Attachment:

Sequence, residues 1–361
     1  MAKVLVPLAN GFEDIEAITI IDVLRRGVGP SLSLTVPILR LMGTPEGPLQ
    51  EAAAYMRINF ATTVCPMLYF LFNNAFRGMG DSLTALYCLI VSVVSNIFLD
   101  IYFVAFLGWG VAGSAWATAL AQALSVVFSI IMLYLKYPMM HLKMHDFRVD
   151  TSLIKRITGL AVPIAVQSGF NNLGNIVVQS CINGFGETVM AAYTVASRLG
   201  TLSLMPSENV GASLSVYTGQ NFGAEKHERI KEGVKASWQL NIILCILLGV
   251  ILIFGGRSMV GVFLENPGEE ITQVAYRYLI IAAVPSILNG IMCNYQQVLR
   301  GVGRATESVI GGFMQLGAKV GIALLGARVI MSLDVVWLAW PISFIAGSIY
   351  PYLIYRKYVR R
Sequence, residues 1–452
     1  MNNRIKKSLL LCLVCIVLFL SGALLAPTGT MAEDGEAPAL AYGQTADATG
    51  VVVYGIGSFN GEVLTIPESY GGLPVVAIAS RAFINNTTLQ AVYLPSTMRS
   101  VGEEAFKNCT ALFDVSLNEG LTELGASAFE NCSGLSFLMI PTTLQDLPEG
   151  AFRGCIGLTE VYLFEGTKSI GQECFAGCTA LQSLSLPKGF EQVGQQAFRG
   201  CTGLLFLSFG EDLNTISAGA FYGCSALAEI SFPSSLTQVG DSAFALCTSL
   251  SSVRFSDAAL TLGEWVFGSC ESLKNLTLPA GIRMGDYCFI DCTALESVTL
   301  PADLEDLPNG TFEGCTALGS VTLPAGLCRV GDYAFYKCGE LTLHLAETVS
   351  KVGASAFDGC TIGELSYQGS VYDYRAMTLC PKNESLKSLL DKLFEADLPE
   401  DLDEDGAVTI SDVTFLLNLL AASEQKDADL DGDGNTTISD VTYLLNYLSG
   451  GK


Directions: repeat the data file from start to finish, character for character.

Sequence, residues 1–361
     1  MAKVLVPLAN GFEDIEAITI IDVLRRGVGP SLSLTVPILR LMGTPEGPLQ
    51  EAAAYMRINF ATTVCPMLYF LFNNAFRGMG DSLTALYCLI VSVVSNIFLD
   101  IYFVAFLGWG VAGSAWATAL AQALSVVFSI IMLYLKYPMM HLKMHDFRVD
   151  TSLIKRITGL AVPIAVQSGF NNLGNIVVQS CINGFGETVM AAYTVASRLG
   201  TLSLMPSENV GASLSVYTGQ NFGAEKHERI KEGVKASWQL NIILCILLGV
   251  ILIFGGRSMV GVFLENPGEE ITQVAYRYLI IAAVPSILNG IMCNYQQVLR
   301  GVGRATESVI GGFMQLGAKV GIALLGARVI MSLDVVWLAW PISFIAGSIY
   351  PYLIYRKYVR R
Sequence, residues 1–452
     1  MNNRIKKSLL LCLVCIVLFL SGALLAPTGT MAEDGEAPAL AYGQTADATG
    51  VVVYGIGSFN GEVLTIPESY GGLPVVAIAS RAFINNTTLQ AVYLPSTMRS
   101  VGEEAFKNCT ALFDVSLNEG LTELGASAFE NCSGLSFLMI PTTLQDLPEG
   151  AFRGCIGLTE VYLFEGTKSI GQECFAGCTA LQSLSLPKGF EQVGQQAFRG
   201  CTGLLFLSFG EDLNTISAGA FYGCSALAEI SFPSSLTQVG DSAFALCTSL
   251  SSVRFSDAAL TLGEWVFGSC ESLKNLTLPA GIRMGDYCFI DCTALESVTL
   301  PADLEDLPNG TFEGCTALGS VTLPAGLCRV GDYAFYKCGE LTLHLAETVS
   351  KVGASAFDGC TIGELSYQGS VYDYRAMTLC PKNESLKSLL DKLFEADLPE
   401  DLDEDGAVTI SDVTFLLNLL AASEQKDADL DGDGNTTISD VTYLLNYLSG
   451  GK